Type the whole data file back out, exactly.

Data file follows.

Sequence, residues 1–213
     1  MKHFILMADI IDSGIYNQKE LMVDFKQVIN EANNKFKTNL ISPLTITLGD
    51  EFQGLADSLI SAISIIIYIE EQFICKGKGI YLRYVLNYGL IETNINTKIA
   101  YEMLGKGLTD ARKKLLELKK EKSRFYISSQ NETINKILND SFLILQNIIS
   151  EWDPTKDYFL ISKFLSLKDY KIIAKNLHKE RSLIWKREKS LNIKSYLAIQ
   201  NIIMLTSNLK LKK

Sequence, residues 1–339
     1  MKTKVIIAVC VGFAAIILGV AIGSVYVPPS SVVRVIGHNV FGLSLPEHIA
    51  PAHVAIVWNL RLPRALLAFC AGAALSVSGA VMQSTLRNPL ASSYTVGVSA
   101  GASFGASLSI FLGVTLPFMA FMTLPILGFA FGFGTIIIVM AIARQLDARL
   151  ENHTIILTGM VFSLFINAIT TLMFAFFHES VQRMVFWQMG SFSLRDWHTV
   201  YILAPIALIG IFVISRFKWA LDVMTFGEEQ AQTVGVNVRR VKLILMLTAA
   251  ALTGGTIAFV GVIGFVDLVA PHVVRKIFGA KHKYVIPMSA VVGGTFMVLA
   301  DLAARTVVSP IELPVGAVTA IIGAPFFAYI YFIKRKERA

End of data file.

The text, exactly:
Sequence, residues 1–213
     1  MKHFILMADI IDSGIYNQKE LMVDFKQVIN EANNKFKTNL ISPLTITLGD
    51  EFQGLADSLI SAISIIIYIE EQFICKGKGI YLRYVLNYGL IETNINTKIA
   101  YEMLGKGLTD ARKKLLELKK EKSRFYISSQ NETINKILND SFLILQNIIS
   151  EWDPTKDYFL ISKFLSLKDY KIIAKNLHKE RSLIWKREKS LNIKSYLAIQ
   201  NIIMLTSNLK LKK

Sequence, residues 1–339
     1  MKTKVIIAVC VGFAAIILGV AIGSVYVPPS SVVRVIGHNV FGLSLPEHIA
    51  PAHVAIVWNL RLPRALLAFC AGAALSVSGA VMQSTLRNPL ASSYTVGVSA
   101  GASFGASLSI FLGVTLPFMA FMTLPILGFA FGFGTIIIVM AIARQLDARL
   151  ENHTIILTGM VFSLFINAIT TLMFAFFHES VQRMVFWQMG SFSLRDWHTV
   201  YILAPIALIG IFVISRFKWA LDVMTFGEEQ AQTVGVNVRR VKLILMLTAA
   251  ALTGGTIAFV GVIGFVDLVA PHVVRKIFGA KHKYVIPMSA VVGGTFMVLA
   301  DLAARTVVSP IELPVGAVTA IIGAPFFAYI YFIKRKERA